From talks of "baby Pisa" (Singapore should aim to be No. 1 in pre-school education, Aug 22) to pre-schools for children with high IQ (Programmes in pre-schools for kids with high IQ, Sept 25) to a tuition industry valued at over $1 billion (Tuition industry worth over $1b a year; Dec 25, 2018), our society is not subtle in its relentless push for developing high intelligence quotient (IQ) in children.
We are clearly not giving proper recognition to an equally, if not more, important kind of intelligence, and that is emotional intelligence or emotional quotient (EQ).
Rather than putting so much academic focus on learning the ABCs and mathematical calculations, our pre-schools should be putting more emphasis on teaching children how to be in touch with their emotions so that they can learn how to deal with them in the proper way.
Unless a child has learnt to be aware of his emotions, he can't possibly be expected to understand the emotions of others, let alone have the necessary empathy.
This will impact his adulthood.
A policymaker lacking EQ will not be able to respond to the needs of citizens with sensitivity and compassion. An employee lacking EQ will encounter great difficulty in collaborating with others in the workplace. A leader lacking EQ will be unable to connect with his subordinates, let alone develop an effective team. A business owner lacking EQ will lack the know-how to cultivate good customer relationships. The list goes on.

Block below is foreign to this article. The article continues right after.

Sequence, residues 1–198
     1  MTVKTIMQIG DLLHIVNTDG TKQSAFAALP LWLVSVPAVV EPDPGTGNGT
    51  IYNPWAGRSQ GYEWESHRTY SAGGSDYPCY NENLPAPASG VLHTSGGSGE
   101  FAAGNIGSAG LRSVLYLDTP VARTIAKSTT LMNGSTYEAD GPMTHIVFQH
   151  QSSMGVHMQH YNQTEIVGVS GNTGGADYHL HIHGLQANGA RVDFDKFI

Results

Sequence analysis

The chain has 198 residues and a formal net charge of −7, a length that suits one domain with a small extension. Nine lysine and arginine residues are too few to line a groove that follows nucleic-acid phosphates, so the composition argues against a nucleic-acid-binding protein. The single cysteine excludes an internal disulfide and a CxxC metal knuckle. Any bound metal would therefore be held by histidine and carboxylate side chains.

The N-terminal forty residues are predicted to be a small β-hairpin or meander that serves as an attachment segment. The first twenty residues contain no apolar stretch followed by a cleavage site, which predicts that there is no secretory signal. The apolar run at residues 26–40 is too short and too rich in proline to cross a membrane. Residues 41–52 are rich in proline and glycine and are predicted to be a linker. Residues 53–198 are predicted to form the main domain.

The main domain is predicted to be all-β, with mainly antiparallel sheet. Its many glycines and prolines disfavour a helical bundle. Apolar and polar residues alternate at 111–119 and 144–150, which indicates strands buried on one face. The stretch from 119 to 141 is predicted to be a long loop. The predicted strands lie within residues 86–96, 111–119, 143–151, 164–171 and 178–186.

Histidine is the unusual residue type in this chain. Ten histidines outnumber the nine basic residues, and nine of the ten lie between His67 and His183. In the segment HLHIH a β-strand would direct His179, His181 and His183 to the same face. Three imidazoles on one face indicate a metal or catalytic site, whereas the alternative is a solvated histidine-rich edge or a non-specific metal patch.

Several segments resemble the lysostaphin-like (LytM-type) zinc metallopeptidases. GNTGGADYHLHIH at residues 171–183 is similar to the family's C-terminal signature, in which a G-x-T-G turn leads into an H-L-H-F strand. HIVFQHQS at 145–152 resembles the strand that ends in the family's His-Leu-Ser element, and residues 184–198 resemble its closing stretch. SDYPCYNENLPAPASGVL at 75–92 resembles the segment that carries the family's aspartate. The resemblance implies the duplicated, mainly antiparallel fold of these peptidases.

As the world becomes increasingly globalised, emotional intelligence will carry even greater significance as cross-cultural, international teams easily compound the intricacy of emotional interactions and expressions.
With artificial intelligence continuing to take over routine and programmable jobs, jobs requiring the human touch can expect to remain.
EQ is not genetic; it is a behaviour that can be learnt and acquired early in life, and should be accorded higher priority in the early formative years.